Rick VanSickle vents about the LCBO’s amazingly tone-deaf marketing:
Sorry, LCBO, but I don’t get you. Such a lame-o release on the birthday of our great country July 1, with paltry few Canadian wines released to celebrate our big day, and presumably a few folks out there looking to party with local wines, and then suddenly in the middle of September, you drop the big one.
What up with that? I mean, the Sept. 17 issue of the Vintages mag, with pages and pages of features on Ontario wines and the biggest selection of local wines of the year — am I missing something? Is this some sort of key date for us in Ontario and Canada?
I want to be there during your obviously very detailed board meetings to listen in on the thinking behind your planning. When you get to, say, July 1, does anyone go: “Hey, that’s Canada Day, let’s flood the aisles with great Canadian wine. It’s what the people want, the people who pay for our largesse, the people we work for.” Well, no, of course not, that’s ridiculous.
Instead, as they count down the calendar, they go: “OK, what do we have for the week of Sept. 17? Why, there’s absolutely nothing going on, so let’s make it the biggest Ontario wine release of the year! Yes, perfect!”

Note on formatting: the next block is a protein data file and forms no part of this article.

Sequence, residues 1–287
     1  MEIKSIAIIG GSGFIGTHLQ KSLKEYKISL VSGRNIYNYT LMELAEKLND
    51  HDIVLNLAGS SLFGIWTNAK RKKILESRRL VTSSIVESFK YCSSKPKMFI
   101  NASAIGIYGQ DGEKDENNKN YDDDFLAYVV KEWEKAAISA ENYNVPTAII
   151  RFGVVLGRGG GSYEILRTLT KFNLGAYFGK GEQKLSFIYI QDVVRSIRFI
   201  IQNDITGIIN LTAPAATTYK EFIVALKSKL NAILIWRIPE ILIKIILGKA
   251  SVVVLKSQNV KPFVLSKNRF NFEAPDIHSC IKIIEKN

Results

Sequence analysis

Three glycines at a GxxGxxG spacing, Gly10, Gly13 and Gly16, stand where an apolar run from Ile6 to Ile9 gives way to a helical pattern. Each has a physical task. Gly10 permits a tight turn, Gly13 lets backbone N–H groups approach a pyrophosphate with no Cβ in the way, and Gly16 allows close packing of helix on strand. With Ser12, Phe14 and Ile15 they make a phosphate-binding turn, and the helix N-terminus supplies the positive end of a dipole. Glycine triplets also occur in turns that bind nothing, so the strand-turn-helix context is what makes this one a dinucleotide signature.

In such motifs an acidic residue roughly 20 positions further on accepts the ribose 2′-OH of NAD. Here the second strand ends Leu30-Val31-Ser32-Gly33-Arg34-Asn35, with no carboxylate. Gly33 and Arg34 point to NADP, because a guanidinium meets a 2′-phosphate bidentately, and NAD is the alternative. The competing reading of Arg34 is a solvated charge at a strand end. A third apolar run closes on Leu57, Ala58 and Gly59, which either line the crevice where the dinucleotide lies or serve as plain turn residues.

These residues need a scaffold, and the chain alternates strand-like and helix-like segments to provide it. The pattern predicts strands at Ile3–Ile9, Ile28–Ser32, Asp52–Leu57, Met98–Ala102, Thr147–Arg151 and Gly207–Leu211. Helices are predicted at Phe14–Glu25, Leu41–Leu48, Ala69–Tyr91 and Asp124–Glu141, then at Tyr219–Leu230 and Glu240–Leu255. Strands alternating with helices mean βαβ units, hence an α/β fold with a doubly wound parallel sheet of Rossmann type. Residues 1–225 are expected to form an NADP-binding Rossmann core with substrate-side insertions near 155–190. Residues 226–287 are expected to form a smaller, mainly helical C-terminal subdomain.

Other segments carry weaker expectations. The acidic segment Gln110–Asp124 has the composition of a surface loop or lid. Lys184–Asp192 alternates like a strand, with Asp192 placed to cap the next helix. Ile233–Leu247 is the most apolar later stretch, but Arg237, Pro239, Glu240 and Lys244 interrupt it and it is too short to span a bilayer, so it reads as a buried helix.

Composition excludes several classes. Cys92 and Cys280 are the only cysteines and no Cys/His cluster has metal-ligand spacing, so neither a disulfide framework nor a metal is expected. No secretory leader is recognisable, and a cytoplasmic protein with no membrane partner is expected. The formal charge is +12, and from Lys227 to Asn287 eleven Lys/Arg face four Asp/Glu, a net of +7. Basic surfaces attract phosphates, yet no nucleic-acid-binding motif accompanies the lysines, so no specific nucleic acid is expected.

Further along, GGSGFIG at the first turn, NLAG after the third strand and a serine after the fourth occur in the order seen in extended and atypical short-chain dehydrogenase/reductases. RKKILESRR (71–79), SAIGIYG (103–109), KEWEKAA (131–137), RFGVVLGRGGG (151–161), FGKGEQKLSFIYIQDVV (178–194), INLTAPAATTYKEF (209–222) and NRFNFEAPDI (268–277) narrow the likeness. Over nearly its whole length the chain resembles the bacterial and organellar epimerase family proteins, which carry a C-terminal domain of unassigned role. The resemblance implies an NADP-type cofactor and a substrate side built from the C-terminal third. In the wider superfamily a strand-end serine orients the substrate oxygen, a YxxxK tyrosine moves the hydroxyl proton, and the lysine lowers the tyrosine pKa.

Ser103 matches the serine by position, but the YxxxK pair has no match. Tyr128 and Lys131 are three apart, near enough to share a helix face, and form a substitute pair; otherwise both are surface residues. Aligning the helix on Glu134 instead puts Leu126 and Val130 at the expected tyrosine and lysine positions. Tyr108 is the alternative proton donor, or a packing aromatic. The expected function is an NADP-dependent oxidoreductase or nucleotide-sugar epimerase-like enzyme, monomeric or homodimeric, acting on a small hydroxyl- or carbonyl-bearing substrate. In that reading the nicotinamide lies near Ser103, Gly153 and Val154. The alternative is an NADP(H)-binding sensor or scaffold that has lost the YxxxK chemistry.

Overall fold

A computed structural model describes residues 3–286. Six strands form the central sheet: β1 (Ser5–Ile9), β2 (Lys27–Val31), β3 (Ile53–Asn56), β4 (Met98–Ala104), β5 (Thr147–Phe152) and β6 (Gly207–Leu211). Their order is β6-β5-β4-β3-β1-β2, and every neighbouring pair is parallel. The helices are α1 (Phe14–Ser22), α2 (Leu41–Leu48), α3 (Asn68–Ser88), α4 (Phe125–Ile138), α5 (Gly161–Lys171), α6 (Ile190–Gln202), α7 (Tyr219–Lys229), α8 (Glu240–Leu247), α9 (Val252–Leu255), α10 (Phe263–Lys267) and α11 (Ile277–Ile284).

Of course, what does it matter anyway? It’s not like the guy down the street is doing any better because there is no guy down the street. It’s the beauty of a monopoly — guilt-free decisions because there is no wrong decision if you are the only game in town.
For example (stay with me here, we’ll get to the wine), if the government decided it was going to force a shoe-store monopoly on its populace and came to the conclusion at a big swanky retreat where such decisions are made (pure speculation) that it would be so cool to put out a big display of Converse runners at all their stores on the first day of winter. No winter boots, no mukluks, just running shoes and sandals. Wouldn’t that be hilarious? lol.
It’s funny but not really funny. We just accept that it’s wrong and carry on like a monopoly is beyond reproach, beyond accountability.
For the record, the Canada Day Vintages release featured a cover story called: South Side Story: Wines of Southern France with 12 pages of spectacular photography and enticing bottles of French wine proudly displayed with glowing reviews and effusive praise for all.